3. While passing through airport security, have in mind that each country has its own policies and methods. Besides all your supplies, always have with you a letter from your doctor (it´s interesting to have an english version because it´s one of the most common languages in the world) saying why you need to carry those supplies, explaining your condition. Your diabetes identification to use on your wallet (if possible translated to the language spoken where you are going) saying that you have diabetes (include type) and emergency actions (dog tags are interesting to this purpose too!).  Police officers may ask you what you are carrying (mainly if you wear an insulin pump/ GCM), be gentle to explain what it is, though most of them are trained to deal with it, it is possible that one thing or another they have doubts. It is an opportunity to also be an educator. If you wear electronic devices and don´t know if it can be damage by the scan, get in touch with the organization to be sure.

wallet cardmodelo

4. During the flight, track your blood glucose and do more tests than usual if you feel like you need to. Beware of your feet, stretch every hour (and talk with your doctor about using compression socks). You may need to face jet lag  and adapt your shots to a different time zone, remember to talk about it with your doctor and what would be the best way for you to do it!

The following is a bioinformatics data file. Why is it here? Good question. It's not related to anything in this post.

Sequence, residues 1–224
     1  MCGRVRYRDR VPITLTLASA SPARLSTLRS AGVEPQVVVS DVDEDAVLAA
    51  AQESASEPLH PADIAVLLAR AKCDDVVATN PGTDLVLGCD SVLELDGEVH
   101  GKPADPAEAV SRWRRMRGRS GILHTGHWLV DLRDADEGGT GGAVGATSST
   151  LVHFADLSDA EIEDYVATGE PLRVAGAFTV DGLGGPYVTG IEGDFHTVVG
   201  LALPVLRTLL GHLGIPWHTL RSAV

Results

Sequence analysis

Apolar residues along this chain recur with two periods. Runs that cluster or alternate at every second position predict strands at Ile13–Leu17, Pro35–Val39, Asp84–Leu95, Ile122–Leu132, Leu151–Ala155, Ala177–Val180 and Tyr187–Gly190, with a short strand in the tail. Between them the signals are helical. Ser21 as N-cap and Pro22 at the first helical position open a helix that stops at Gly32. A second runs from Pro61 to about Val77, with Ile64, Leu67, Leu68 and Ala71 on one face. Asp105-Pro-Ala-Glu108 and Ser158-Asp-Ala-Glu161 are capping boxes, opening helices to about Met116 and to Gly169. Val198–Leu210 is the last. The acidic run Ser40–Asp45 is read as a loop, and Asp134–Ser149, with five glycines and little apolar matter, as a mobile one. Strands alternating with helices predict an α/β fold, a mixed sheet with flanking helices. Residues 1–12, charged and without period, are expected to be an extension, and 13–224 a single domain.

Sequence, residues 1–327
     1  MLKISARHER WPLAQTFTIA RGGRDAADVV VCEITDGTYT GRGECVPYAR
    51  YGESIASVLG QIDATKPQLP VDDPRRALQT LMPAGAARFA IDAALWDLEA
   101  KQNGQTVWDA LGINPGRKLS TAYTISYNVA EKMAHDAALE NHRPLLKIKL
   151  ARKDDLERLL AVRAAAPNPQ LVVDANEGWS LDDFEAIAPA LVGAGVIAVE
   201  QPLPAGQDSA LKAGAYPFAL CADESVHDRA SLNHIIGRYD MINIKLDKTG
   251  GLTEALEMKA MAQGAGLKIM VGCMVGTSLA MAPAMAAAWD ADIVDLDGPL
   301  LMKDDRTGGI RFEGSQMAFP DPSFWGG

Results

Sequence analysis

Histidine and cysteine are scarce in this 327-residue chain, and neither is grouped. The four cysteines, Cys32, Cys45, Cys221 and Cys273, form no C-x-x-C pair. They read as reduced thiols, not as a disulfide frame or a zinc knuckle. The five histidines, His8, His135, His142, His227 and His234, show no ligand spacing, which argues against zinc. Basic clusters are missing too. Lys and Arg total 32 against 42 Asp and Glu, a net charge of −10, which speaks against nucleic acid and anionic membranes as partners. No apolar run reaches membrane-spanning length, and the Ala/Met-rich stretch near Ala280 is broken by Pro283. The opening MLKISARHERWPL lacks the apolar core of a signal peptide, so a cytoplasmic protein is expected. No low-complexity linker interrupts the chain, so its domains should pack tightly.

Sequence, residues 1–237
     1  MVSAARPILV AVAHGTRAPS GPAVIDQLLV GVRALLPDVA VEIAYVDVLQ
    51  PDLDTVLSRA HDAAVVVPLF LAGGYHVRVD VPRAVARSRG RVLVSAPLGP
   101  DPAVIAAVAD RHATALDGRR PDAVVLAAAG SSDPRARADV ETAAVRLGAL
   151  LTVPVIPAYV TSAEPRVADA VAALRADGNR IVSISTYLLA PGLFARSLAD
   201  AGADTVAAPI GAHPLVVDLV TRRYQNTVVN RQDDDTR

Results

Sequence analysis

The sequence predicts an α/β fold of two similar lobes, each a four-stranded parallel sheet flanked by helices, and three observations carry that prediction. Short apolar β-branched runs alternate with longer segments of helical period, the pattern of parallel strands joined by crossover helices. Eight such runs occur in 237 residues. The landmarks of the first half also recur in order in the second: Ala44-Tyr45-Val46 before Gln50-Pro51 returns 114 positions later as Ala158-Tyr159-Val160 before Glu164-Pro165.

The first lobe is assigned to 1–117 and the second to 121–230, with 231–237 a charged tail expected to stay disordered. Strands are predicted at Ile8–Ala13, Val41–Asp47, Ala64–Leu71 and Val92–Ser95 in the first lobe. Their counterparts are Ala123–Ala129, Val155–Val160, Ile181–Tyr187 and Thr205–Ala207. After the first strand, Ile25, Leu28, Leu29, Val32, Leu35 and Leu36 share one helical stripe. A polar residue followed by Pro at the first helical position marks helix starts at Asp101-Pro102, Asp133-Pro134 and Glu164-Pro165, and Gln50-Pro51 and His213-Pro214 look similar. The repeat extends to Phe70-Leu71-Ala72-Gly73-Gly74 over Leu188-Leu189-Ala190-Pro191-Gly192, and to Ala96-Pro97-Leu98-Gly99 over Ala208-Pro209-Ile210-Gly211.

jet lag
5. Don’t forget your Glucagen – glucagon hormone – and to teach those travelling with you when and how to use it!


PS: On one of my latest trips, while passing through the airport security with an insulin pump, I experience a new method. First, I took all my personal stuff to pass on the x-ray scanner (here is important to say that if you’re taking water coolers with you it may cause you some trouble because they are liquids and they can be included on the liquids with more than 100ml, those you can’t take inside the airplane), then they make a personal inspection followed by  an exam to identify, they say, if you have been using explosive materials. So they pass a kind of paper toil on your pump and/or hands, insert it on a machine and in a few seconds the result is out and they allow you to pass. In some places, they asked to see my boarding pass and made some notes on a notebook, saying that I was using an insulin pump. Airports normally has their policies on their website, you can search for it. This one, for example, is from the Transportation Security Administration on external devices: http://www.tsa.gov/traveler-information/


So, check list:

❑Extra supplies (double amount)

❑Diabetes supplies on your hand luggage

❑Doctor´s letter

❑Diabetes ID card

❑Discuss with your doctor how to adjust your medication considering the time zone differences


❑Be patient and gentle to deal with questions